Jeff Sutton quietly sold most of Crown Building stake to Brookfield

Retail magnate unloaded stake to partner Brookfield last summer

TRD New York /
Aug.August 10, 2020 12:48 PM
Crown Building at Fifth Avenue and 57th Street and Jeff Sutton of Wharton Properties (Building via Google Maps)

Crown Building at Fifth Avenue and 57th Street and Jeff Sutton of Wharton Properties (Building via Google Maps)

High street retail in New York has been decimated this year as luxury stores remain largely empty. But one major investor made a move last year that fortuitously limited his exposure to the pain.

Jeff Sutton quietly sold the majority of his stake in the retail portion of the Crown Building, the prized property that sits on Fifth Avenue and 57th Street, widely considered one of the best retail corners in the city.

Sutton’s Wharton Properties sold everything except a nominal piece of its 50 percent stake in the Crown Building’s retail to partner Brookfield Property Partners in August 2019 for $779 million, financial filings from the publicly traded Brookfield show. The sale has not been previously reported.

The trade coincided with the partners’ $807 million refinance of the 35,000-square-foot retail property led by Apollo Commercial Real Estate.

But Sutton was apparently unhappy with the terms of the refinancing and negotiated an exit from the property, according to a source familiar with the transaction.

Brookfield’s filings show it now owns 99.677 percent of the retail, though a source close to the property said that figure is the result of some creative accounting and the number is somewhat lower.

Sutton declined to comment and a spokesperson for Brookfield did not respond to requests for comment.

Still, it proved to be a serendipitous move, as retail values have taken a nosedive this year due to the coronavirus.

“It was the best deal Sutton ever made,” the source said.

The deal marked Sutton’s effective exit from one of the most expensive pieces of retail real estate purchased at the height of the market. He and mall company GGP, which Brookfield took control of three years later, paid $1.75 billion in 2015 to purchase the Crown Building from the Spitzer and Winter families.

(Sutton and GGP bought the 400,000-square-foot building with Michael Shvo and Vladislav Doronin. The partners then split the property, with Sutton and GGP keeping the retail portion, and Doronin converting the upper office floors to luxury residential condos.)

Shortly after the acquisition, Sutton and GGP renewed Italian accessories maker Bulgari’s lease for another 15 years at a record rent of $5,500 per square foot — setting a new high-water mark for retail. Other tenants include Japanese pearl-seller Mikimoto and Swiss watch-seller Piaget.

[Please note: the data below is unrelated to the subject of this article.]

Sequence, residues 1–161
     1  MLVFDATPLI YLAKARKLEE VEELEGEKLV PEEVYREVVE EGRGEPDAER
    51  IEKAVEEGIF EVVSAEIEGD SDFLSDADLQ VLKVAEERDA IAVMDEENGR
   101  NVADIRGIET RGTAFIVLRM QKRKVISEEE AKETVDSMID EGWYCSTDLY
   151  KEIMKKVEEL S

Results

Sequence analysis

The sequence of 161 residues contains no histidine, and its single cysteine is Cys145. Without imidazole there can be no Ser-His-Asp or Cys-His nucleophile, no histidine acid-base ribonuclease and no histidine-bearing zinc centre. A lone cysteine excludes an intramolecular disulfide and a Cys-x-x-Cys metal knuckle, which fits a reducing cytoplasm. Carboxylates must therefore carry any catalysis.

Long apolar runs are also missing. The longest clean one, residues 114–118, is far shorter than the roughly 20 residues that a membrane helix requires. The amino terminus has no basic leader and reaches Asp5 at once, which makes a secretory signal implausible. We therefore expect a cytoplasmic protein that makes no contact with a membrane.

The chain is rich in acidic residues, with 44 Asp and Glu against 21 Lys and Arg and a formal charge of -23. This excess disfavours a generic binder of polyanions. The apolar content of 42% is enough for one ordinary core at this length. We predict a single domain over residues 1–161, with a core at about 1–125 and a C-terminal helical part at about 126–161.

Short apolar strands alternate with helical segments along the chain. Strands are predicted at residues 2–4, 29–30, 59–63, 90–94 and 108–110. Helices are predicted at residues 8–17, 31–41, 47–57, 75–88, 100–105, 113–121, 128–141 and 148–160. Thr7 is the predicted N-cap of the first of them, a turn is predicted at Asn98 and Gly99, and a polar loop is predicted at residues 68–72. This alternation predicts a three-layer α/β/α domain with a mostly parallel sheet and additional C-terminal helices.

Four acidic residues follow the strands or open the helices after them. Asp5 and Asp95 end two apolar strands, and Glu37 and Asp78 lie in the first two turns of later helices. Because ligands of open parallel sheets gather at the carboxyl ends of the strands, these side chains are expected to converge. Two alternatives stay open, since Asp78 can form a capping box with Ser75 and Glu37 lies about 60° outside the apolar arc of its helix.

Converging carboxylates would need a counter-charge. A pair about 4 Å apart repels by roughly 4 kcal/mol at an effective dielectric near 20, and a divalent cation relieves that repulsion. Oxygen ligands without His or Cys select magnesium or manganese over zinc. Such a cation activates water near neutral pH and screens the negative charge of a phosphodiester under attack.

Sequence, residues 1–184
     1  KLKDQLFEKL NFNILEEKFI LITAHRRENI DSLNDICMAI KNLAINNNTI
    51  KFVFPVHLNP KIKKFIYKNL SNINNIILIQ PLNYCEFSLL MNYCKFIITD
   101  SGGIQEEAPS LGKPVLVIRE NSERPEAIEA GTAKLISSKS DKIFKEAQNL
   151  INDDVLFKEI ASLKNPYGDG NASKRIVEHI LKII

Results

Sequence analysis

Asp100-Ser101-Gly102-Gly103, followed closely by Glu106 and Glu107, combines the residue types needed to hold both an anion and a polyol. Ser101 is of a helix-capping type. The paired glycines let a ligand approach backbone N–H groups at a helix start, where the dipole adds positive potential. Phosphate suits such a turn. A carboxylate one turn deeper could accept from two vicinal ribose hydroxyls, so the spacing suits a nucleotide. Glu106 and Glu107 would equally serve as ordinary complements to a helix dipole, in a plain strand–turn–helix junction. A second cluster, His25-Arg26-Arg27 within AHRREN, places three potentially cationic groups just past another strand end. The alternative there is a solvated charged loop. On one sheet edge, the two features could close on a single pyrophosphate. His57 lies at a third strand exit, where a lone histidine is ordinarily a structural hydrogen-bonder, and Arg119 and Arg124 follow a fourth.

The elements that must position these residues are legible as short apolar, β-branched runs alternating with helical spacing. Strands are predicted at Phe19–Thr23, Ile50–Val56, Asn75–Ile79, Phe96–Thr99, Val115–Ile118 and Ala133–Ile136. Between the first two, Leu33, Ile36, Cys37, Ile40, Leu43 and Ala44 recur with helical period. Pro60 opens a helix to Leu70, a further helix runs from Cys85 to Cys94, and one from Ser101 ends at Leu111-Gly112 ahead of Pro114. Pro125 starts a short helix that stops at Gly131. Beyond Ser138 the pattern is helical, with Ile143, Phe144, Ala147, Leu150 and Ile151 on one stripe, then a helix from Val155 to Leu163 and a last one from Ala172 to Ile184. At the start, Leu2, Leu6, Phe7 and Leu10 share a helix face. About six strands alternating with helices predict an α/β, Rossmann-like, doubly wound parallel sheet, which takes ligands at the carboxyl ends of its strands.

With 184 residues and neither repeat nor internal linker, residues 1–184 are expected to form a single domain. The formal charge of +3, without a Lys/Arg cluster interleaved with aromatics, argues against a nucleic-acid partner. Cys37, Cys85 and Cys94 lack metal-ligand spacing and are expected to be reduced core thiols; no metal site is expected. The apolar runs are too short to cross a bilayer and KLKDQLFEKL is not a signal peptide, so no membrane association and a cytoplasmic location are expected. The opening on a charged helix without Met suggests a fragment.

But those heady days are long gone. Retail rents had been in decline for several years before the onset of the pandemic, the full impact of which is still unknown.

Vornado Realty Trust recently wrote down a $306 million loss on the $2.6 billion gain it recognized when the REIT sold a stake in a group of retail properties on Fifth Avenue and Times Square last year. x

At the Crown Building, Swiss watchmaker Chopard signed a lease last month for 2,400 square feet at $3,500 per square foot. The luxury jeweler will have 1,200 square feet on the ground floor.

Sutton, meanwhile, has been wheeling and dealing on both sides of the East River. After selling his Crown stake, the retail mogul earlier this year sold 530 Broadway in Soho to a partnership led by Shvo for $400 million.

And in Brooklyn, Sutton recently sold a handful of properties on Fulton Street for $22 million.

On the buy side, Sutton late last year bought a development site in Williamsburg for $20 million at a record price for the neighborhood of $3,226 per square foot. And earlier this year he picked up a small retail property in Midwood for $11.75 million.

Contact Rich Bockmann at [email protected] or 908-415-5229.


Related Articles

arrow_forward_ios
(iStock)

Movie theaters might not come back after all

Movie theaters might not come back after all
Town Sports International CEO Patrick Walsh (Credit: JoJosh313; Getty)

Dead weight: New York Sports Clubs owner files for bankruptcy

Dead weight: New York Sports Clubs owner files for bankruptcy
From left: J.C. Penney CEO Jill Soltau, Authentic Brands Group CEO Jamie Salter, Simon Property Group CEO David Simon, and Brookfield Property Partners CEO Brian Kingston (Getty)

Authentic Brands in talks to join J.C. Penney takeover

Authentic Brands in talks to join J.C. Penney takeover
Maison Kayser USA CEO Jose Alcalay (LinkedIn; Tools of Men via Flickr; Maison Kayser)

Maison Kayser files for bankruptcy with plans for sale

Maison Kayser files for bankruptcy with plans for sale
The special servicing rate has increased each month since the coronavirus pandemic hit the United States, and clocked a 55 basis point increase to 10.04 percent in August (iStock)

CMBS delinquencies fell, but hold the applause

CMBS delinquencies fell, but hold the applause
Century  21 will wind down operations at its 13 stores (Getty)

Century 21 Stores files for bankruptcy, blames insurers

Century 21 Stores files for bankruptcy, blames insurers
The staff had been placed on temporary leave in March and April (Photos via iStock; Maison Kayser)

Maison Kayser lays off 708 employees

Maison Kayser lays off 708 employees
Brookfield’s Ric Clark and Simon Property Group’s David Simon (Getty)

J.C. Penney saved by Simon and Brookfield

J.C. Penney saved by Simon and Brookfield
arrow_forward_ios

The Deal's newsletters give you the latest scoops, fresh headlines, marketing data, and things to know within the industry.

Loading...